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Border Meeting With Vietnam Ends in Deadlock


Chairman of Cambodia's border committee Var Kim Hong (C) attends a meeting on border demarcation between Cambodia and Vietnam at the Council Ministers in Phnom Penh, Cambodia, August 29, 2016.

Chairman of Cambodia's border committee Var Kim Hong (C) attends a meeting on border demarcation between Cambodia and Vietnam at the Council Ministers in Phnom Penh, Cambodia, August 29, 2016.

The two sides met to discuss a plan of action to address disputes over alleged encroachment on Cambodian territory by Vietnamese interests.

A closed-door meeting on border issues between Vietnam and Cambodia on Tuesday ended in deadlock.

The two sides met to discuss a plan of action to address disputes over alleged encroachment on Cambodian territory by Vietnamese interests.

Va Kim Hong, head of the Cambodian Border Committee, told reporters that the parties could not issue a joint statement after the meeting as there was no agreement reached on border delineation.

“[We] explained to them that thinking like that is not right because … [it will] not affect any [existing] treaties,” Kim Hong said.

“The demarcation between Cambodia and the Socialist Republic of Vietnam at that time in [19]83 follows the boundary lines on the Indochina map with a scale of 1/100,000. It means that the boundaries on that Indochina map, which is the map that the colonial power left for us when we gained independence in 1953” matches our proposals, he added.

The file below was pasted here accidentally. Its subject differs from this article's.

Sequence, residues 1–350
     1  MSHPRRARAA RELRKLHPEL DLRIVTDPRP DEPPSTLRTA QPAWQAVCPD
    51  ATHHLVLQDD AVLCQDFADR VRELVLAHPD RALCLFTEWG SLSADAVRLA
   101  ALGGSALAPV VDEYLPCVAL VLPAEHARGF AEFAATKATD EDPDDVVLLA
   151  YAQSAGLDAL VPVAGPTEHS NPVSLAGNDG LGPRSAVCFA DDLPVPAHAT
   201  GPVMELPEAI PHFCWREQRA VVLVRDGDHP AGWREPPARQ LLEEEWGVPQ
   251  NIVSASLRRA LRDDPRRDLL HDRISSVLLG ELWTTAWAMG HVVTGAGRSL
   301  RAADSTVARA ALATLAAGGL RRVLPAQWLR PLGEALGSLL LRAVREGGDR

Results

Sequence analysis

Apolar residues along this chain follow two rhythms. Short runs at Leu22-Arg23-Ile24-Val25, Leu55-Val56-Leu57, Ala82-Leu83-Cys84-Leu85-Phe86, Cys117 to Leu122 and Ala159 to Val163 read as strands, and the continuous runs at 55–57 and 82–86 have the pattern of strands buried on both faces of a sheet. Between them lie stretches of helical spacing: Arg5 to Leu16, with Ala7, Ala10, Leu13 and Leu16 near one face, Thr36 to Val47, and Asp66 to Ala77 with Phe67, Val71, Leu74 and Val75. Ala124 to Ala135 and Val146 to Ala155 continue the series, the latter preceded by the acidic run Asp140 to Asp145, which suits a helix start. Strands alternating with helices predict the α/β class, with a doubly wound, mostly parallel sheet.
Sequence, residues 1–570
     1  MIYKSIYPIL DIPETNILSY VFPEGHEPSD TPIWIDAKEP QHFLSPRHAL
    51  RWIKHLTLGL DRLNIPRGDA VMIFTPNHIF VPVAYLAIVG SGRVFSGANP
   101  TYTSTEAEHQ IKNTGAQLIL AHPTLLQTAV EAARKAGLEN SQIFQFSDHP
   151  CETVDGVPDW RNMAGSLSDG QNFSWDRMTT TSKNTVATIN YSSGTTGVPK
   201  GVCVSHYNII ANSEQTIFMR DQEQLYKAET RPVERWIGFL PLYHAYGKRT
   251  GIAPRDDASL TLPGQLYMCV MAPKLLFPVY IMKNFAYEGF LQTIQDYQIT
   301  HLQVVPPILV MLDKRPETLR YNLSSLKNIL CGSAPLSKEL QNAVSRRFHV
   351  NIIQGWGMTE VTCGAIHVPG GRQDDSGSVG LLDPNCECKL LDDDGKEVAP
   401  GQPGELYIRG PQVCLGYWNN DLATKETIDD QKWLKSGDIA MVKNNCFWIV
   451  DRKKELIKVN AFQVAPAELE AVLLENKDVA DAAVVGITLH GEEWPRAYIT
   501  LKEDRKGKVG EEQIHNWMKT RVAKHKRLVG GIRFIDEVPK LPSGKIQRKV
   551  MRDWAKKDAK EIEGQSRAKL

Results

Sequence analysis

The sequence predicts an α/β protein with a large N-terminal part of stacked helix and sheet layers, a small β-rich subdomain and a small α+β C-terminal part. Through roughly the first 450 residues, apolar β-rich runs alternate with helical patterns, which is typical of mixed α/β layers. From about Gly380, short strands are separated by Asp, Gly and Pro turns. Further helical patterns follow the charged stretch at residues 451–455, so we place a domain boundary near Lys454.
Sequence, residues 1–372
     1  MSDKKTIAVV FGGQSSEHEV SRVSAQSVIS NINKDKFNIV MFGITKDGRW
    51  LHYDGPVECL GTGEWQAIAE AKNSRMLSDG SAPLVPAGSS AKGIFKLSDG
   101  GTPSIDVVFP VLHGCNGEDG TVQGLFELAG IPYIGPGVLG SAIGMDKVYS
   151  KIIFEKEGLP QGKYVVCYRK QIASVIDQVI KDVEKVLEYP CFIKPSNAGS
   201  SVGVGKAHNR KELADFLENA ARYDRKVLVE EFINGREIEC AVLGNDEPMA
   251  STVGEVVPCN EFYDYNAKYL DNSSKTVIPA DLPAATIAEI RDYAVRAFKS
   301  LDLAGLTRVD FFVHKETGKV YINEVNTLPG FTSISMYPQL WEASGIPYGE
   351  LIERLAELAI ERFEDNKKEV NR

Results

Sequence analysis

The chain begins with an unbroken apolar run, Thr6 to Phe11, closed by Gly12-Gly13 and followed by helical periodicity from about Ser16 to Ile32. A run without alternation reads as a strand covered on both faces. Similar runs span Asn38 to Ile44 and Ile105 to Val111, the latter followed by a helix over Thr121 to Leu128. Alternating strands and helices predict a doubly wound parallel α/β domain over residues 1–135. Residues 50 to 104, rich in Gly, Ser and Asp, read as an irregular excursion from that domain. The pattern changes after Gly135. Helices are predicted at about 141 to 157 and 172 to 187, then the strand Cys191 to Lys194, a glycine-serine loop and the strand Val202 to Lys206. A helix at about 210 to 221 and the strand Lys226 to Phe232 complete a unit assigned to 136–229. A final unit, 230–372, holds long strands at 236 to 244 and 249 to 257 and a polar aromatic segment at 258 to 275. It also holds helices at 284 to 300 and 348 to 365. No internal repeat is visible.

Both countries agreed to continue to demarcate the border, he added, and would continue negotiations over a draft letter that will be sent to the French government to request technical assistance in the dispute.

Vietnamese delegates declined to talk to the media.

Son Chhay, an opposition Cambodia National Rescue Party lawmaker, said Cambodia in the midst of a political crisis could not effectively negotiate with Vietnam.

“We have the Paris [Peace] Agreement, which signatory countries guarantee our sovereignty and we are a member of the United Nations, which can use the international court system to help,” he said.

Kim Hong said Cambodia was not yet in a position to bring a case before an international court, saying the process was complex and expensive.

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